The University of Minnesota’s Asian Pacific American Resource Center faces uncertainty as the funding for some minority-serving institutions expires Monday and its renewal is stalled in the United States Senate.
APARC, which has operated at the University since 2016, provides support and resources for Asian American and Pacific Islander students on campus. The center is funded by a five-year Asian American and Native American Pacific Islander-Serving Institution grant through the U.S. Department of Education. But as the center nears the tail-end of its grant, it may not have access to future funds.
More than $255 million in annual funding for minority-serving institutions across the country expires Monday, Sept. 30. The House of Representatives approved a two-year renewal of the funding through the Foster Undergraduate Talent by Unlocking Resources for Education Act, or FUTURE Act, on Sept. 17, but the bill has yet to be voted on in the Senate. It will be renegotiated on the Senate floor Tuesday.
In addition to Asian American and Native American Pacific Islander-Serving Institutions, Minority-Serving Institutions supported by the funds include Historically Black Colleges and Universities, Hispanic-Serving Institutions and Tribal Colleges and Universities.
At the University of Minnesota, the grant helped APARC develop capacity to serve Asian American and Pacific Islander students on campus, said Kong Her, the program director at APARC.
Upon receiving the AANAPISI grant, the University was designated an Asian American and Native American Pacific Islander-Serving Institution by the Department of Education.
“If the University of Minnesota is no longer designated as a minority-serving institution or an [Asian American and Pacific Islander-Serving Institution], I think it just sends a very strong message to our [Asian American and Pacific Islander] community to know that we had this [designation], and then we no longer have it,” Her said.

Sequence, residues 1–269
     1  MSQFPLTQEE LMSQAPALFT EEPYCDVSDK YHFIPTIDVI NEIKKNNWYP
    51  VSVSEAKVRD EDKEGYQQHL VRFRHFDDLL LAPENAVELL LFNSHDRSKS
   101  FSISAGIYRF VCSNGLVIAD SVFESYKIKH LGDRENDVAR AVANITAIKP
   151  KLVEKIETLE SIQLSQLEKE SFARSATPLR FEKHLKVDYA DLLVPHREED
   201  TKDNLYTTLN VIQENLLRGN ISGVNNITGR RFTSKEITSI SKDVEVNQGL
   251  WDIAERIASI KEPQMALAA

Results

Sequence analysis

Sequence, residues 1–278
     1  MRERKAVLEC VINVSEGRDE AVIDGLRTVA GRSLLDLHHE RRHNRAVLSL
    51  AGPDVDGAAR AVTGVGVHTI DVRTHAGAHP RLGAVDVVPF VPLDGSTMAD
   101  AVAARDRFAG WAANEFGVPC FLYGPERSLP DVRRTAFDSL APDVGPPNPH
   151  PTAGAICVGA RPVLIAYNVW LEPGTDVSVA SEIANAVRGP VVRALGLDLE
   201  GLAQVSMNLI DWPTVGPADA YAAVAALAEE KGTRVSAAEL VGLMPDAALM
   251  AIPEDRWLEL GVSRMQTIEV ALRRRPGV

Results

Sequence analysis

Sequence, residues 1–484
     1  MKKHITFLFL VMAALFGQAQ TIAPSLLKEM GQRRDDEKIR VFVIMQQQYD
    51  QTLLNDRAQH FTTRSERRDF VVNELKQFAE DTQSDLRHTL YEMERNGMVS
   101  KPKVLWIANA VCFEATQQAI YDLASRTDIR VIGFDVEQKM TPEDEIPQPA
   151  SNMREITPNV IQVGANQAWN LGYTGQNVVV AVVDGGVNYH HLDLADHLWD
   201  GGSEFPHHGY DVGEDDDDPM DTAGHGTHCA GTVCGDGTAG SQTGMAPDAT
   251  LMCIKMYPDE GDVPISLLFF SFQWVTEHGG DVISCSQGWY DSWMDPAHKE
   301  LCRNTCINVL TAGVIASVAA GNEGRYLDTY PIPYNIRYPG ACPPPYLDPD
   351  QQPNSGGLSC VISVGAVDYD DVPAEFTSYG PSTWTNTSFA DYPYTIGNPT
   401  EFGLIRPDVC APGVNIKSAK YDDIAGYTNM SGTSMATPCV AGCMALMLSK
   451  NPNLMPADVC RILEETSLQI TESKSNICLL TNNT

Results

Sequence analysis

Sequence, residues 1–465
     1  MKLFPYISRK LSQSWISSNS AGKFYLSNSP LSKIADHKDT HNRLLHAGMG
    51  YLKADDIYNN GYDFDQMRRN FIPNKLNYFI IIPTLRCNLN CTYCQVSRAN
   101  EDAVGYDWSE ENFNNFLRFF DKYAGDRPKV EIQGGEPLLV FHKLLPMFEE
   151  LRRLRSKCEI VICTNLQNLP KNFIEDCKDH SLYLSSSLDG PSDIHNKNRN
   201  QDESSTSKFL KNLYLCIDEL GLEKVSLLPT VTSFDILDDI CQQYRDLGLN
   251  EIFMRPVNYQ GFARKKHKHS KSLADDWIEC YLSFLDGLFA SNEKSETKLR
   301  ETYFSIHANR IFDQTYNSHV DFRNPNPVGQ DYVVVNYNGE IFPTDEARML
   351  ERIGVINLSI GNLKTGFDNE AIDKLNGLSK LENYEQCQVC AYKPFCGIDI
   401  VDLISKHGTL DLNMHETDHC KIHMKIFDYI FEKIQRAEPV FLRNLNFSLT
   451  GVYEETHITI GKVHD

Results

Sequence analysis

APARC is the only University-run Asian American and Pacific Islander identity-based resource on campus, Her said.
“We’re the only center that is thinking about providing resources, support, programming and activities through that kind of identity-based approach. So, I think without the funding, the University of Minnesota will lose a good resource to serve and support our [Asian American and Pacific Islander] students on campus.”
According to Her, the number of students APARC has been working with has exponentially increased every year since its establishment.
APARC has been raising awareness about the potential cut in funding and calling students to action on social media.
“The AANAPISI grant is vital to the success of our AAPI student community, especially those that are first generation and low-income students. The AANAPISI grant allowed us to create a home and sense of belonging in APARC. It allowed us to affirm the acknowledged struggles and needs of our AAPI community. APARC would not exist if it were not for the AANAPISI grant,” an APARC Facebook post read.
The post also includes a sample script to encourage students to call senators and ask them to support the FUTURE Act.
With help from APARC’s script, second-year biology major Trinity Vang called a senator about supporting the FUTURE Act. When she was new on campus, Vang participated in APARC’s peer mentorship program. She said APARC helped her find her place in the University community. Vang is currently president of a Hmong student group for women called Viivncaus.
“If we want more [people of color] in the University, why are we taking away funding for those programs?” Vang said. “We want to create a space and cultivate space for students, yet we’re constantly taking away funding from students of color.”
One of the challenges in this situation is that a lot of people in higher education are not aware of the AANAPISI designation, Her said. The program was officially established nationally in 2007, whereas many other minority-serving institution programs have been around for decades.
Her said he was disappointed with the potential cut in funds.
“As someone who was a student of color who went through college, I understand just how much resources mean and what that can really do to a student,” Her said. “I wouldn’t have been able to graduate college without all of that. I think it’s extremely important that there’s continued funding and that people are thinking about that.”
Clarification: APARC is the only University-run Asian American and Pacific Islander identity-based resource on campus.